Q. One of our managers has medical problems (she qualifies for the ADA and is in an age-protected class) and has used a significant amount of sick pay. Because we don't have a defined sick pay policy, this manager is paid sick time whenever she's out (full day or half day). How can we legally cap this? Is the development of a policy with specific hours our only alternative? —F.E., Georgia
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Q. Is it legal to require management employees to give us a longer resignation period than other employees? —M.L., Missouri
Q. How long is a company supposed to keep paper records? We'd like to throw out some of our old, archived paperwork. —B.H., Pennsylvania
Q. Are there any questions we cannot or should not ask a reference when screening applicants? —B.B., Louisiana
Q. We’re a small business with eight employees. One employee frequently takes off for six to eight weeks with medical problems. She’s done this each year for the past three years. It’s a huge burden because very few people have her training, so we can’t hire a temp. How long do we have to allow her to disappear for months at a time? —M.S., Ohio
Employees who are infertile may qualify for reasonable accommodations under the ADA. That's true even if the underlying medical condition that caused the infertility has been cured. As a result, you may be required to give infertile employees time off for fertility treatments and even adoption planning ...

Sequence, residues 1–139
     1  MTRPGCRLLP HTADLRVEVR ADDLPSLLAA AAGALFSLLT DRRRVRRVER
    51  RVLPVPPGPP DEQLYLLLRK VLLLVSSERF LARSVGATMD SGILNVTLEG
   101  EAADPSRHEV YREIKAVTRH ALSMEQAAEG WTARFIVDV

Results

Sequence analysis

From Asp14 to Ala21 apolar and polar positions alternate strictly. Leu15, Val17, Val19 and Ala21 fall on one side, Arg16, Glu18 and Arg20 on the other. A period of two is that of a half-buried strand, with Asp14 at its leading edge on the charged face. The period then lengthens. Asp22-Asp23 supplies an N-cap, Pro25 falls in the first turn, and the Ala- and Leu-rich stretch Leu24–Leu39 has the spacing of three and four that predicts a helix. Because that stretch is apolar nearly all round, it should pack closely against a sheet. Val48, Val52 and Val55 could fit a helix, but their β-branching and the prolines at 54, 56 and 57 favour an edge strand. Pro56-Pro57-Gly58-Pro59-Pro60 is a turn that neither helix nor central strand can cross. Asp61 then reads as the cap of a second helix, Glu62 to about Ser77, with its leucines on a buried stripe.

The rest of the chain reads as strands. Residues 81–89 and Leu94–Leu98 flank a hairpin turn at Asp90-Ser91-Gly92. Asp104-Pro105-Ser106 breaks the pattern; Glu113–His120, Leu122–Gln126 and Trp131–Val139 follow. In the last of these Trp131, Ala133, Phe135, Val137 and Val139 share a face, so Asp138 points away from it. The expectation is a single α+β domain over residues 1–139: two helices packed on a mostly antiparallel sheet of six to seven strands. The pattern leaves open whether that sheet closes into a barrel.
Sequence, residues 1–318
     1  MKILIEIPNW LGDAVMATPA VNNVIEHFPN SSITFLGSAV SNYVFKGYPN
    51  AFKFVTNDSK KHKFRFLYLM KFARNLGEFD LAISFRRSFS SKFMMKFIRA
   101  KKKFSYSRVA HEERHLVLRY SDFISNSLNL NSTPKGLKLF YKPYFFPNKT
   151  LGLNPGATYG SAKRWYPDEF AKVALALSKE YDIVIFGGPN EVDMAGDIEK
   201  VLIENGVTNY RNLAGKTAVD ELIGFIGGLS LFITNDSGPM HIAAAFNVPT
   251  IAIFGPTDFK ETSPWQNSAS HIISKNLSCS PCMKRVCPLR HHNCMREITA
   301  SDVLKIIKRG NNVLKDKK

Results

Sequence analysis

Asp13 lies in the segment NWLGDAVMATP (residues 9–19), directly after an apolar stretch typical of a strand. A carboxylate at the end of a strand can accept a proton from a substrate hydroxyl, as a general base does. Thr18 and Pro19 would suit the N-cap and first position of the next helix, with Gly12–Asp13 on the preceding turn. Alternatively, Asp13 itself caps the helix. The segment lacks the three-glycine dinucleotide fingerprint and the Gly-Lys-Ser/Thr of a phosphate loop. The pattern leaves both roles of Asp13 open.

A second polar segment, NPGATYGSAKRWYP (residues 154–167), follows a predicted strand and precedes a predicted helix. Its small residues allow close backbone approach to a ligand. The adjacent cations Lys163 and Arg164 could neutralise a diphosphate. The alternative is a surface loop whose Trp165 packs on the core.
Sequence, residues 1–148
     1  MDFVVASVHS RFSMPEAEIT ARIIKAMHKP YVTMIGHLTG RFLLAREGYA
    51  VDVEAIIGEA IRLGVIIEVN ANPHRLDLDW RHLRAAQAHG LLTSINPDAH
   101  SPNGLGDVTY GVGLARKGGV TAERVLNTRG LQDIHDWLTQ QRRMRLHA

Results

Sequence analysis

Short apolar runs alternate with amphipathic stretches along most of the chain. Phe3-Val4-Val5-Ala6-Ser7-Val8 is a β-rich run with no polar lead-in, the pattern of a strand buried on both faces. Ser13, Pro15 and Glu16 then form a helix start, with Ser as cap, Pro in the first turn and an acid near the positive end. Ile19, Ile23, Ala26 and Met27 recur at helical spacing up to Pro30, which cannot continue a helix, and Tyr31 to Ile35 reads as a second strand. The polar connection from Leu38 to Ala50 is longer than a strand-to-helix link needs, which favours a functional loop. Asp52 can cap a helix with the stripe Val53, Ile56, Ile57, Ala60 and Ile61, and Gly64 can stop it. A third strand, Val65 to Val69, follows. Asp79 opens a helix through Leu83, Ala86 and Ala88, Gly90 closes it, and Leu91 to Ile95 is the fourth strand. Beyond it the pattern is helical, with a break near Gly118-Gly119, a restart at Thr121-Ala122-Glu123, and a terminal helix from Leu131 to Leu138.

The number of employees who work from home at least one day per month increased 63 percent between 2004 and 2006, says a new WorldatWork study. But as telework’s popularity grows, so do legal concerns for employers ...
The Florida’s Private-Sector Whistleblower Act protects employees who report alleged wrongdoing to their employers. Ignoring the complaint—or worse, threatening discipline, job loss or anything else that could be viewed as retaliation—will land you in court in no time flat ...
Q. We're a surveying company and often use temporary workers on big projects. We recently rejected a candidate sent by the temp agency. Now, the candidate is threatening to sue, saying we discriminated against her because of her accent. Can she sue us even though she was employed by the temp agency, not by us? —M.L., Maryland
Q. As a large retail business, we employ several “demo staffers” who present products to shoppers in the hope they'll buy them. Recently, given economic pressures, we've had to put increasing pressure on our demo staff to increase sales up to 200 percent. If a demo staffer doesn't meet the new goal, can we terminate her? Do these workers have legal recourse should they be fired? —T.P., California